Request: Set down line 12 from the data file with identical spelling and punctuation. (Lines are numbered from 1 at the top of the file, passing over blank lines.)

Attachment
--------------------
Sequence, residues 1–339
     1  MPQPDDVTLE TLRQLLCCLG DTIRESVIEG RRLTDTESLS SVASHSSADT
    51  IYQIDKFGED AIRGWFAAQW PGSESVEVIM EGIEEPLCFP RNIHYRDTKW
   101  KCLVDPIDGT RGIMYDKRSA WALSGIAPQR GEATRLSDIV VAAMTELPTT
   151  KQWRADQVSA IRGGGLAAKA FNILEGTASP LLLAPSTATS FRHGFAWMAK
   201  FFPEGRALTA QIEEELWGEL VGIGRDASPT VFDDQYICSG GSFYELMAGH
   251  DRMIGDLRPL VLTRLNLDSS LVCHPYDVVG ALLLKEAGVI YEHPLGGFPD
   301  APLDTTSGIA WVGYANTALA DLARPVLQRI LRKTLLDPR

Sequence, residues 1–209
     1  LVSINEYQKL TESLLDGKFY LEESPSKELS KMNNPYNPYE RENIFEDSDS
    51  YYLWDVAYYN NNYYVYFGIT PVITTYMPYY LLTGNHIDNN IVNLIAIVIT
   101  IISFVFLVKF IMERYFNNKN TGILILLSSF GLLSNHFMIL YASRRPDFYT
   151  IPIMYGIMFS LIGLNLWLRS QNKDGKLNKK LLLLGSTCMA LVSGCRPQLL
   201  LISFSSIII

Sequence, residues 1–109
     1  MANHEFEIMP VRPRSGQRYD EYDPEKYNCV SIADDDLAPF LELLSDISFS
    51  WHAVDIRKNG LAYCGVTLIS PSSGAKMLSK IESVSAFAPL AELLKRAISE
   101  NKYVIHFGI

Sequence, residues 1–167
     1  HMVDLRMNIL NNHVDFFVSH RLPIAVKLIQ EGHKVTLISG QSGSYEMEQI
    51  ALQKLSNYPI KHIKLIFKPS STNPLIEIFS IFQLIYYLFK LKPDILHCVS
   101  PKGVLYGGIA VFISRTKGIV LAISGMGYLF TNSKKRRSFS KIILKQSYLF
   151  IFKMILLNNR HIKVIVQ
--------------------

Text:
   101  IISFVFLVKF IMERYFNNKN TGILILLSSF GLLSNHFMIL YASRRPDFYT